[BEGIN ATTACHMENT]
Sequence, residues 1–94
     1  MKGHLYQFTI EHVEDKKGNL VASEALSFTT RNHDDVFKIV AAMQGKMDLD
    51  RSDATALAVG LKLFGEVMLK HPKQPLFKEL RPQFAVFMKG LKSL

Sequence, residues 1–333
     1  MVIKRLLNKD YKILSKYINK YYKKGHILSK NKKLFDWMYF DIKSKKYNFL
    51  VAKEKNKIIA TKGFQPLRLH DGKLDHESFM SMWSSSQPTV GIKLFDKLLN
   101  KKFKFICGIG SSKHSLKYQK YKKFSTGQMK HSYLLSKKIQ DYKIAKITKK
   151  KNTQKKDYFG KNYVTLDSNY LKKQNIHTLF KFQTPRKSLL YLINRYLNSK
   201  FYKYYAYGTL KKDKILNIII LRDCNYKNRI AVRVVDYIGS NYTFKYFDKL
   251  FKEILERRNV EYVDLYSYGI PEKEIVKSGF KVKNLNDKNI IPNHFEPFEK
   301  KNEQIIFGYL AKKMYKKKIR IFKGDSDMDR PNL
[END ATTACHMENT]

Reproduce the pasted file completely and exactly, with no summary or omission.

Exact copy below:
Sequence, residues 1–94
     1  MKGHLYQFTI EHVEDKKGNL VASEALSFTT RNHDDVFKIV AAMQGKMDLD
    51  RSDATALAVG LKLFGEVMLK HPKQPLFKEL RPQFAVFMKG LKSL

Sequence, residues 1–333
     1  MVIKRLLNKD YKILSKYINK YYKKGHILSK NKKLFDWMYF DIKSKKYNFL
    51  VAKEKNKIIA TKGFQPLRLH DGKLDHESFM SMWSSSQPTV GIKLFDKLLN
   101  KKFKFICGIG SSKHSLKYQK YKKFSTGQMK HSYLLSKKIQ DYKIAKITKK
   151  KNTQKKDYFG KNYVTLDSNY LKKQNIHTLF KFQTPRKSLL YLINRYLNSK
   201  FYKYYAYGTL KKDKILNIII LRDCNYKNRI AVRVVDYIGS NYTFKYFDKL
   251  FKEILERRNV EYVDLYSYGI PEKEIVKSGF KVKNLNDKNI IPNHFEPFEK
   301  KNEQIIFGYL AKKMYKKKIR IFKGDSDMDR PNL